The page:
Voice/Vision Holocaust Survivor Oral History Archive

Abraham Holcman - September 14, 1983

Leaving for Poland 2

So, how did you get back to Poland?

Uh, very hard, very tough uh, the railroad uh, was going, but the, the bridges were knocked out so, we were going with the railroad uh, half an hour. Then take all the luggages out in a little hand wagon, carry across to the other side of the bridge. Then the railroad would pick us up from the other side little by little.

And you had the money from the house?

Money, it was galore. The city...

Was it Deustchmarks that you had?

I had uh, everything. Gold, dollars, silver, everything. The city, the city of Görlitz is big as the city of Detroit, richer I think than the city of Detroit. And the whole city was empty from people. Not from wealth but the people. The people were scarce, except for the Russian they all uh, left, all hid. The jewelry stores, the uh, showcases and, and safes... Everything was open. You can go in and collect anything you wanted.

So, you did that. Did you see other Jewish...

Yeah. Everybody did it. I was crazy enough. I was running the... What's it called? Tramway, you know, the railroad, you know, the uh, subway, not the subway.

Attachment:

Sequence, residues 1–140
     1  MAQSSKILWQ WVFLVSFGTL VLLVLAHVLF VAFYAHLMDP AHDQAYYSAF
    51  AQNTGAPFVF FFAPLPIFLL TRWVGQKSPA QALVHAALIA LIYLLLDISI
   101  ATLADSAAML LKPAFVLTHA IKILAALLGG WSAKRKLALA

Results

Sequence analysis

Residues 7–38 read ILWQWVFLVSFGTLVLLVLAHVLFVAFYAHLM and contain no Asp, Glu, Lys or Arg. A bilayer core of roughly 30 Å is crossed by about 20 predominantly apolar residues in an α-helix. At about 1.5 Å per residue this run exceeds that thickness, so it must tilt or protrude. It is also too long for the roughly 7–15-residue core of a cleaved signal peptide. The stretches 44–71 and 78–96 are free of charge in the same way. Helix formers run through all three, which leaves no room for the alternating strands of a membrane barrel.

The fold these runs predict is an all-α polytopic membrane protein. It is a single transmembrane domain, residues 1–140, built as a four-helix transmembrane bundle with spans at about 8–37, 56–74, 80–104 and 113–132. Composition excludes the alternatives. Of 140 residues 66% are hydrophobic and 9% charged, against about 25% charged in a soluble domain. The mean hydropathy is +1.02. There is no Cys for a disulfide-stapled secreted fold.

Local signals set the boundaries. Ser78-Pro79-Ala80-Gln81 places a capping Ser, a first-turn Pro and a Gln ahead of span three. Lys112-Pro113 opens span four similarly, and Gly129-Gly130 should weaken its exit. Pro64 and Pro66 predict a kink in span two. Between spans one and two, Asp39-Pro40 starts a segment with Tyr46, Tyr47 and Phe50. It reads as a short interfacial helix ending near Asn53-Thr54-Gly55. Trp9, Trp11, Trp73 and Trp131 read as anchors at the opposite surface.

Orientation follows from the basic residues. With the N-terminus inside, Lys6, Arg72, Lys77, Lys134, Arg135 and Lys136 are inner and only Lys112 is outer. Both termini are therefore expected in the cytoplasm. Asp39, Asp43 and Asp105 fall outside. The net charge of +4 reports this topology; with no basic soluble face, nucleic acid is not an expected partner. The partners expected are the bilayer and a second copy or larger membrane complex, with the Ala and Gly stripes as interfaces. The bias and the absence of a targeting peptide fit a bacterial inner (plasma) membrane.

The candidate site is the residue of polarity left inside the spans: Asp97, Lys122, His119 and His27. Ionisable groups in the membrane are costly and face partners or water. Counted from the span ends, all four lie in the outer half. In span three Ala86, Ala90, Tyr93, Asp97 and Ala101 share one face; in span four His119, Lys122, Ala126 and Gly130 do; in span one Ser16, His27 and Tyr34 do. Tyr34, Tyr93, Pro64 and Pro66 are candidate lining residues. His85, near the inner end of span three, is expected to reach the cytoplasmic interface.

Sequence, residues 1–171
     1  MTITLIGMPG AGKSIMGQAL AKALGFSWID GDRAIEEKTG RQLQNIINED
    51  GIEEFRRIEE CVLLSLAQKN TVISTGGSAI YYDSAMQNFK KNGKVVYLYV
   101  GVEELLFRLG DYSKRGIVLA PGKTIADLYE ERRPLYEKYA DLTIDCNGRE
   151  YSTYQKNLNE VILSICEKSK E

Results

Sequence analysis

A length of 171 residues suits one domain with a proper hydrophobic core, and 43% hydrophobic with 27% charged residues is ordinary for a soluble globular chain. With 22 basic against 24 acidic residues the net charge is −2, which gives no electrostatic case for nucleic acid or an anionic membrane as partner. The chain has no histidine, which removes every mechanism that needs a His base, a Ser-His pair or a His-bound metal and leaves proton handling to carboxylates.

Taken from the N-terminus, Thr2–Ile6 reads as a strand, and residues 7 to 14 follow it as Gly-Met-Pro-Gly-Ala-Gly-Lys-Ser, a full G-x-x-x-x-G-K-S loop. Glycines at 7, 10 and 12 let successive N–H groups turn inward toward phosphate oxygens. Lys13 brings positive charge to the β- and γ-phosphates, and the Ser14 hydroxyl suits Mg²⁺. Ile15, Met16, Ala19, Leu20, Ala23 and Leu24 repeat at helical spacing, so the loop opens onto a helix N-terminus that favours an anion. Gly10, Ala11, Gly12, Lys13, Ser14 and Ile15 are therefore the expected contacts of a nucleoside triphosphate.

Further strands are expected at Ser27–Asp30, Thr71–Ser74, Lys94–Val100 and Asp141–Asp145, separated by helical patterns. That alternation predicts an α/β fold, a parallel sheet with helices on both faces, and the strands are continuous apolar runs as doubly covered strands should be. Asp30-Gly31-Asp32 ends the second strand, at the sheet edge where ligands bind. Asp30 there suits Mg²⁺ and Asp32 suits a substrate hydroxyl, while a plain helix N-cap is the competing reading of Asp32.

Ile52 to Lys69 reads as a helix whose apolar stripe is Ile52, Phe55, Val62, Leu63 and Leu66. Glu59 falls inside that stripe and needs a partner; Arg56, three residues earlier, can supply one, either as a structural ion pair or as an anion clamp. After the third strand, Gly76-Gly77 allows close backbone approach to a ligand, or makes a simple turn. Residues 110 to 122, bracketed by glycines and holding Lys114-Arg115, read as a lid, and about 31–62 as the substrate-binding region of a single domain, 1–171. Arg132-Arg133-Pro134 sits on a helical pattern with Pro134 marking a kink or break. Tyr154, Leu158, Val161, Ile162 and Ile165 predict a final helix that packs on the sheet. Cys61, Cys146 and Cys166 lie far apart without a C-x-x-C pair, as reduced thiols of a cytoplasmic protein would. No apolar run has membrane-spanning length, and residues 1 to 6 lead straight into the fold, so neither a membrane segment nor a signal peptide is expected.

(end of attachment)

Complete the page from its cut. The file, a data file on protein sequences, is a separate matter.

Streetcars. I was running the streetcars back and forth, you know, just crazy.

You were running the streetcar?

Yeah, yeah. Me and another guy. Yet the other guy from Łódź he knew how to run it because he was running the streetcar in the ghetto.


So, we would jumped around, taking a streetcar back and forth, go out, change the tracks, go in different directions.

You were doing it for fun.

For fun.

You didn't collect money from people.

There was no people.

Yeah, it was...

It was a city as big as Detroit.

And you had it to yourself all this time.

Almost. Yeah.

And the Russians didn't tell you to get out?

No, nothing. They, the only thing they said is uh, when you are rested up ??? go home.

Okay, so they treated you okay.

Yeah, they, they uh, they treated uh, the Russians treated us good uh, you could even collect food, if you wanted to uh, you know. They had an army kitchen and uh, there was a bulletin silverware. Come over there, you get bread and meat and soup everyday. But nobody went to get it because we had uh, plenty of food.

What happened when you got back to Poland?

Uh, on the way, on the way back it was terrible. We got robbed three or four times by the Russians. They took away everything uh, you know, I thought I was wealthy. And they took away little by little. By the time you get to Poland I got nothing.

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